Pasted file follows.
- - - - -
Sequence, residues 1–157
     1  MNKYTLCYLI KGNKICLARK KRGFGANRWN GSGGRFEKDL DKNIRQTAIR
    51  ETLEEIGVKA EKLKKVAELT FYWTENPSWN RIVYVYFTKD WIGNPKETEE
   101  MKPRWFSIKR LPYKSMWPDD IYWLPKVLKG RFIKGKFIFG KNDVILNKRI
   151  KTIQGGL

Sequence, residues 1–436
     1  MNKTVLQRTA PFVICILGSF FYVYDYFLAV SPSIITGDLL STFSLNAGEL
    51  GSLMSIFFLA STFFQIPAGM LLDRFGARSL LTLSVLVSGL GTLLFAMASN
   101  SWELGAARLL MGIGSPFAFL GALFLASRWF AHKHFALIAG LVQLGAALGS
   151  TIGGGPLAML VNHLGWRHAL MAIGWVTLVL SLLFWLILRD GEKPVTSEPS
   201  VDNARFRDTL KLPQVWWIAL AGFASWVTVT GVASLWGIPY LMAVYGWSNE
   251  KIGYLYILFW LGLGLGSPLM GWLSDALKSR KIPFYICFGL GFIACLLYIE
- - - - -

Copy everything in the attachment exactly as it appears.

Sequence, residues 1–157
     1  MNKYTLCYLI KGNKICLARK KRGFGANRWN GSGGRFEKDL DKNIRQTAIR
    51  ETLEEIGVKA EKLKKVAELT FYWTENPSWN RIVYVYFTKD WIGNPKETEE
   101  MKPRWFSIKR LPYKSMWPDD IYWLPKVLKG RFIKGKFIFG KNDVILNKRI
   151  KTIQGGL

Sequence, residues 1–436
     1  MNKTVLQRTA PFVICILGSF FYVYDYFLAV SPSIITGDLL STFSLNAGEL
    51  GSLMSIFFLA STFFQIPAGM LLDRFGARSL LTLSVLVSGL GTLLFAMASN
   101  SWELGAARLL MGIGSPFAFL GALFLASRWF AHKHFALIAG LVQLGAALGS
   151  TIGGGPLAML VNHLGWRHAL MAIGWVTLVL SLLFWLILRD GEKPVTSEPS
   201  VDNARFRDTL KLPQVWWIAL AGFASWVTVT GVASLWGIPY LMAVYGWSNE
   251  KIGYLYILFW LGLGLGSPLM GWLSDALKSR KIPFYICFGL GFIACLLYIE